For engine geeks, a peek inside a Pro Stock engine might be like gazing on the inner workings of an electron particle accelerator – it won’t mean much unless you are given some kind of personally guided tour. So imagine if David Reher, Warren Johnson, or Greg Anderson walked you through a guided tour of a state-of-the-art Pro Stock engine. Would that make your inner-gearhead-self do back flips? Getting close to that level of internal combustion engine science is actually attainable. This is what Ben Strader does on a monthly basis with EFI University’s class on Competition Engine Development (CED).
In NHRA drag racing there is probably no more secretive clan of racers than the Pro Stock guys. In 1986 Bob Glidden barrel-rolled his Pro Stock Fairmont several times at the Southern Nationals. After emerging from the car unhurt, he had the presence of mind to immediately cover the now-exposed intake manifold with a jacket to protect its inner secrets.
Strader enjoyed a unique opportunity a few years ago when he was asked to help a couple of Pro Stock teams with EFI design and tuning after they were challenged to quickly convert to EFI when the NHRA made carburetors obsolete. Ben offered his expertise on EFI and at the same time learned much from these Pro Stock teams. Using what he has learned, he now passes it along to students in his CED class.
Strader is quick to acknowledge that while this information can be incredibly useful and valuable, it will not instantly make you a competitive racer in Pro Stock or even in Competition Eliminator. But what this will do is enlighten you as to how meticulously these engines are assembled, tuned, and massaged to coax the maximum amount of horsepower to the flywheel. So signing up for a three-day course at EFI University’s Lake Havasu, Arizona site is the quickest way to do a full immersion into the world of building race engines, which is much more than just class work, thanks to all of the hands-on teaching.
For some, knowledge unto itself is the end game. But for Strader, it’s much more fun to apply that knowledge to a spinning internal combustion race engine. So for roughly the past two years, Strader and Comp Cams’ chief cam designer Billy Godbold have collaborated on an engine they call Project Spinal Tap. If you’re familiar with the movie, there’s a scene where a band member proudly points out that his amp goes not to 10 – but to 11. A couple of earlier EngineLabs stories have touched on this quest. The idea was to build an LS small-block targeted with the goal of making 950 to 1,000 horsepower at 11,000 rpm – and survive.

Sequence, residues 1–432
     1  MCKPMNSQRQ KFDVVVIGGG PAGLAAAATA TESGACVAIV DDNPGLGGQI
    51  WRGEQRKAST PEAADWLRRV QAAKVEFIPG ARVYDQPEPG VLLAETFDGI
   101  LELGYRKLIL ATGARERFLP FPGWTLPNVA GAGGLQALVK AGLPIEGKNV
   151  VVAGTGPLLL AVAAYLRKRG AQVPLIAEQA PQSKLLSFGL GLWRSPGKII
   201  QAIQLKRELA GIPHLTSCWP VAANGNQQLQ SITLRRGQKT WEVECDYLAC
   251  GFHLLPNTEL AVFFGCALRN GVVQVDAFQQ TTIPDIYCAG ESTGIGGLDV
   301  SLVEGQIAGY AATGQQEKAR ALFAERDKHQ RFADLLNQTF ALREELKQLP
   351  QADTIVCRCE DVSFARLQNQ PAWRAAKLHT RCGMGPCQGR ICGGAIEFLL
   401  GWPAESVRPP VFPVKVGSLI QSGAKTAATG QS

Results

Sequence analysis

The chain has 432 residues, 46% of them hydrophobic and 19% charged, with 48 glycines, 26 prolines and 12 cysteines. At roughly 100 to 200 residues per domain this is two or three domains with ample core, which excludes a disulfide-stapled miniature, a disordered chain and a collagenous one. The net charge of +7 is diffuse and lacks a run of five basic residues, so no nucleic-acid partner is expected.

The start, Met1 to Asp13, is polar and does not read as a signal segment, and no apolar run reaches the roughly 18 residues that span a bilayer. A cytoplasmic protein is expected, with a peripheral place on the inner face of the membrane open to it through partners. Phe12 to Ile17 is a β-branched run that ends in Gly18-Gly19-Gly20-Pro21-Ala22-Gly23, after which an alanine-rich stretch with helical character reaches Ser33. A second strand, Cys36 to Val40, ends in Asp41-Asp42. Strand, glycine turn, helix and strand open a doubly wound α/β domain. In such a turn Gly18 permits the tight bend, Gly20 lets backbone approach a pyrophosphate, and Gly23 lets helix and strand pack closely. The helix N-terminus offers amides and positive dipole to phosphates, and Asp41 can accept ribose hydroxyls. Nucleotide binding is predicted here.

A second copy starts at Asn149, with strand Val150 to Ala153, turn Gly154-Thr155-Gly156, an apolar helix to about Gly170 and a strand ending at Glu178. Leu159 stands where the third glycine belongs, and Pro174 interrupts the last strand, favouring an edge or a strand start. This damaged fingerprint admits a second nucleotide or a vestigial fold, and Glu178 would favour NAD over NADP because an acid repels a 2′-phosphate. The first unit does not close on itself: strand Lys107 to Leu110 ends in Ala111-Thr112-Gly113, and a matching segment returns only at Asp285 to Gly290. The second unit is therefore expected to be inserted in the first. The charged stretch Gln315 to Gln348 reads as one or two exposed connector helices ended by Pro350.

You may have seen Strader’s Facebook video adventures filmed in Comp Cams’ R&D area where he and Godbold successfully ventured past 11,000 rpm with Comp Cams’ Chris Potter at the Spintron controls. The most impressive part was that the valvetrain didn’t achieve this goal just once but eventually survived 30 successive simulated drag strip passes spinning to 11,300 rpm. That may be the cream filling in the chocolate Ho-Ho, but the real story is all the geeky-engine details where all the rib-sticking protein is found.
We spent a day and a half with Strader at his EFI University shop where he revealed how they intend to apply this hard-won Spintron knowledge into the construction of a 4.185-inch bore, 3.52-inch stroke, 387ci LS engine that will eventually go in the school’s test mule Mustang and make passes.
The art of pulling off 11,000 rpm with a pushrod engine demands serious preparation to ensure this is more than just a Hail Mary attempt into the stratosphere. The achievement is ensuring the engine will survive. The engine builder becomes immersed in a literal sea of minutia. He must become obsessed with assuming nothing. This may sound more like a clinical description of obsessive-compulsive disorder–and that may not be far off the mark–but it’s this attention to detail that prevents calamity at this rarified engine speed.
Our story starts with a proper foundation. Strader chose Dart’s iron LSNext block for several reasons. Yes, its heavy with a 114-pound tariff but stability and strength are just two of many good reasons for this decision. Strader says the SHP block would have also worked, but when this project started, the SHP was not yet available. The LSNext block was configured as an LS with a 60 mm cam bore, which is current Competition Eliminator cam core territory. Current Pro Stock cam cores went to 82 mm roughly five years ago, but before that the typical cam size was also 60 mm.
There’s much work yet to be done on the block. Strader has plans to fabricate a complete tunnel cover for the camshaft to isolate it from windage issues. He also plans to add a sixth dry sump scavenge stage that will pull from the lifter valley to attempt to minimize oil that can leak past the cam, hit the crank, and add to the windage issue. At 11,000 rpm, ounces have a bad habit of quickly becoming pounds of drag that can cost horsepower.